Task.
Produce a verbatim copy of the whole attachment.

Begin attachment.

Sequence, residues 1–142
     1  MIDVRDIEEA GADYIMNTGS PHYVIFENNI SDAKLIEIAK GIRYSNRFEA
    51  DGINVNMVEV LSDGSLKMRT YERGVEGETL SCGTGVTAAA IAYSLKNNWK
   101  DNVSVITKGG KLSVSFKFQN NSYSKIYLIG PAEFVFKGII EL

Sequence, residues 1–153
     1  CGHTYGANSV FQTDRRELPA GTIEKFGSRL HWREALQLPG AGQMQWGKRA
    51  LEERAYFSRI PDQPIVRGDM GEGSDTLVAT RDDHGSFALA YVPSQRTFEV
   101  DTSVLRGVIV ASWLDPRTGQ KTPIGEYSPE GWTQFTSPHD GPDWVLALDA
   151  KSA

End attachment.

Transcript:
Sequence, residues 1–142
     1  MIDVRDIEEA GADYIMNTGS PHYVIFENNI SDAKLIEIAK GIRYSNRFEA
    51  DGINVNMVEV LSDGSLKMRT YERGVEGETL SCGTGVTAAA IAYSLKNNWK
   101  DNVSVITKGG KLSVSFKFQN NSYSKIYLIG PAEFVFKGII EL

Sequence, residues 1–153
     1  CGHTYGANSV FQTDRRELPA GTIEKFGSRL HWREALQLPG AGQMQWGKRA
    51  LEERAYFSRI PDQPIVRGDM GEGSDTLVAT RDDHGSFALA YVPSQRTFEV
   101  DTSVLRGVIV ASWLDPRTGQ KTPIGEYSPE GWTQFTSPHD GPDWVLALDA
   151  KSA